He said moving to ‘unify the thinking’ of leaders and others in the party was “going quite far”– something that former president Hu Jintao had certainly never done, while Hu’s predecessor, Jiang Zemin had not been successful in achieving.
“Xi is pushing, and is using the enhanced might of the party machine and the state security apparatus to do that,” Tsang said, adding that some resistance remained and was probably still well entrenched.
“The unrelenting push made by Xi reveals to me that he has not yet succeeded in his aims, and also the strength of resistance that exists.”
Tsang said if Xi had already achieved his aim of asserting his control, then by now he would be focusing on pushing his agenda forward and ensuring he achieved his goals. “Instead, he is still focusing on consolidating his power and position.”
Xigen Li said that within any political group, there was a centrifugal force that resulted in thoughts and practices moving away from the mainstream.
“Such deviation occurs more frequently when society is undergoing significant changes, which is what China currently faces, with regard to the current economic and political challenges,” Li said.
For all his current power, Xi and the party certainly face a string of serious challenges The mainland economy is slowing down at a pace unseen in recent memory; last year’s 6.9 per cent growth in China’s annual gross domestic product was the lowest recorded since 1990 – something billionaire investor George Soros suggested might mean the mainland economy is headed for a hard landing.
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The Chinese stock market has fallen more than 20 per cent so far this year, and the value of its currency has slipped. Capital outflow continues, probably at the US$1 trillion annual rate estimated for last year.
The leadership must also tackle problems such as deflation, excess industrial capacity and a mountain of debt incurred by local governments.
In diplomacy, China faces a challenge from the United States under President Barack Obama’s “pivot to Asia” foreign-policy shift, which includes a Washington-led 12-nation Trans-Pacific Partnership trade pact signed earlier in February.
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Beijing is also engaged in territorial disputes with Japan in the East China Sea and with several southeast Asian nations in the South China Sea. The Chinese government has to tackle a further challenge in Taiwan following the recent landslide election victory secured by the pro-independence Democratic Progressive Party.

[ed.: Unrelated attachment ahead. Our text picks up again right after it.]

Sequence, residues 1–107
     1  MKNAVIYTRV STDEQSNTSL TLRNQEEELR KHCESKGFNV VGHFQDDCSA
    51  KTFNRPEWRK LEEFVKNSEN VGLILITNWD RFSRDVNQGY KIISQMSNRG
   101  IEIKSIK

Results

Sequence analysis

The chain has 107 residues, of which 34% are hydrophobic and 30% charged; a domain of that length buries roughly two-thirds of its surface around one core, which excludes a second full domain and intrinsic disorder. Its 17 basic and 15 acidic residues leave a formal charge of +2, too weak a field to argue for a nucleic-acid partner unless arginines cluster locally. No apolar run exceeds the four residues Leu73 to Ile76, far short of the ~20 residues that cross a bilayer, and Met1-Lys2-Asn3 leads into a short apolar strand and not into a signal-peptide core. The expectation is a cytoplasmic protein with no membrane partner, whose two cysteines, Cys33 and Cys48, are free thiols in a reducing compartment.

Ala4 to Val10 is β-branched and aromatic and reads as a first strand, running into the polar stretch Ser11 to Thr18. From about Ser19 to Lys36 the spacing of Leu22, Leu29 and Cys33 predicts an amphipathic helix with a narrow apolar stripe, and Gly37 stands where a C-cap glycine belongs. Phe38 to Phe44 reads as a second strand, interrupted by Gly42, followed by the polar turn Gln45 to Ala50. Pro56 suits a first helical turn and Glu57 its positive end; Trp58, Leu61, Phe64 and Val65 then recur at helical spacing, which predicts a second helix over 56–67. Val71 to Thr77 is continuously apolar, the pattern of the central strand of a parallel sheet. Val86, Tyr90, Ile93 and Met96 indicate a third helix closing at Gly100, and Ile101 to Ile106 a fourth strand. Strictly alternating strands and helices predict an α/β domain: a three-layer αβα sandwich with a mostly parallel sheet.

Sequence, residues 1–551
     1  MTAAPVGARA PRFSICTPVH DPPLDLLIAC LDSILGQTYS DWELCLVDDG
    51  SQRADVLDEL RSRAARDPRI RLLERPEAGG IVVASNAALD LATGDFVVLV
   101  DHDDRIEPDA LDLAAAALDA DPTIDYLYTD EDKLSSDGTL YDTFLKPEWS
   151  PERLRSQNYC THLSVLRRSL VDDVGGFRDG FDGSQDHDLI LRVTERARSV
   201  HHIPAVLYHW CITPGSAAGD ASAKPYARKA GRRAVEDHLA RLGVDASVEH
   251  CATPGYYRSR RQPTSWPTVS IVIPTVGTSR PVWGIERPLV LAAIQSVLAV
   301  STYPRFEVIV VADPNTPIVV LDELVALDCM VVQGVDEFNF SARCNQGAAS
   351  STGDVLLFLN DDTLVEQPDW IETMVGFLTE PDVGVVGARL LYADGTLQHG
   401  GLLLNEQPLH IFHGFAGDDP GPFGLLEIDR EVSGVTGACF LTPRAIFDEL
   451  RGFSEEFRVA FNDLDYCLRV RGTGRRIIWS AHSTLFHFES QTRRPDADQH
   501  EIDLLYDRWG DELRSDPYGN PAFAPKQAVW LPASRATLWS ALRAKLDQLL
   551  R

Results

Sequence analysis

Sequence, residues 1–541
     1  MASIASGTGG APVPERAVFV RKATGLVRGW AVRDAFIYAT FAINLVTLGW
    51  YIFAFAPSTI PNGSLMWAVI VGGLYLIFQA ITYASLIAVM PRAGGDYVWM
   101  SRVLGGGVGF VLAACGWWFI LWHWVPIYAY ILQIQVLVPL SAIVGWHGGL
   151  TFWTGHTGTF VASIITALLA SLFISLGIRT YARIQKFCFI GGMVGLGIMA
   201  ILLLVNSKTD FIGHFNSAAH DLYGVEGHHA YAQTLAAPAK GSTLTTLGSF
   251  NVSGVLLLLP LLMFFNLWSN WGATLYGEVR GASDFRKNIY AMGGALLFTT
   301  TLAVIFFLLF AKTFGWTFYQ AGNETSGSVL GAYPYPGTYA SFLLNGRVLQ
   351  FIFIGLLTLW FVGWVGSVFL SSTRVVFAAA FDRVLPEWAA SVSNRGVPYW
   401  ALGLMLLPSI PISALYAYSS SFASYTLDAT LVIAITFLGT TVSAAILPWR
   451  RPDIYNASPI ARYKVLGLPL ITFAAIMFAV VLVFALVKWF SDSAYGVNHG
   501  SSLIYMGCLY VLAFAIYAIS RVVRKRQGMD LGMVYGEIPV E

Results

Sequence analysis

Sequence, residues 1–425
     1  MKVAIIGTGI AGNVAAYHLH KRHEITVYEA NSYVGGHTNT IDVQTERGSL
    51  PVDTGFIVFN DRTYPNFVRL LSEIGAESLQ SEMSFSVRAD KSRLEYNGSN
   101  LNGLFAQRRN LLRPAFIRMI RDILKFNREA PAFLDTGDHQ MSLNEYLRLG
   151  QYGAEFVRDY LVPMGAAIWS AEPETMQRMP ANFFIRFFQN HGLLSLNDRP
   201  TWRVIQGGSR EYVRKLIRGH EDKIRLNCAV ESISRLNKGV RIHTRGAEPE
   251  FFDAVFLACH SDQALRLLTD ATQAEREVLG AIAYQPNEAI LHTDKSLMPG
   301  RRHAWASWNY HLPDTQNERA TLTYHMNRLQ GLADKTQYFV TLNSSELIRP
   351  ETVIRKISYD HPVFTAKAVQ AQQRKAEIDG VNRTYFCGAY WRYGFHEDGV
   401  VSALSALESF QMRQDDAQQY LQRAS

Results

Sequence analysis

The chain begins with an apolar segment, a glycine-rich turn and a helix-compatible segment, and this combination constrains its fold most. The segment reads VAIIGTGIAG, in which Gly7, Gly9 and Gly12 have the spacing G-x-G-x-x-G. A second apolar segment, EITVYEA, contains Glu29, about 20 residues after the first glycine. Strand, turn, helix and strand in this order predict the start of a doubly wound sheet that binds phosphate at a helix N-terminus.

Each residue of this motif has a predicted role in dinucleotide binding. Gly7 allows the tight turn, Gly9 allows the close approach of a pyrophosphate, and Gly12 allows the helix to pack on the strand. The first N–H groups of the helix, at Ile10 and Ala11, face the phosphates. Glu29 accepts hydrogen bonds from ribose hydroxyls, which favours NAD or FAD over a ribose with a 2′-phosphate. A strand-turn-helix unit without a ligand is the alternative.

Yang said that strengthening Xi’s personal authority through these campaigns would help to overcome resistance because such propaganda and publicity created an intangible but high-pressured atmosphere.
It was clear, Yang said, looking back at Xi’s many actions since becoming party secretary – especially the setting up various leading groups with himself as the chairperson – that the president believed that a strong personal authority was necessary to achieve his reform goals.
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However, some analysts warned that Xi’s strong leadership would also have negative impact.
Tsang said there were two main dangers in Xi’s approach.
First, if Xi continued to focus on consolidating his power for too long, it could well end up becoming the goal itself, and mean he ended up failing to secure his other goals, which were meant to define his place in history.
Second, Xi’s unrelenting focus on consolidating his power would continue to antagonise many within the establishment.
Xigen Li said: “Consolidating his own power might increase the efficiency and effectiveness of policy implementation, but it will not necessarily produce positive results.”
Zhang said: “Xi wants to achieve even more [power] than Mao and Deng, but such political overambition will not necessarily mean he achieves his goal,”
He said that it appeared Xi wanted a status that emulated or even exceeded those held by Mao and Deng.
“However, he lacks such credibility because Mao and Deng had to earn such respect within the [party’s[ ruling circle,” Zhang said.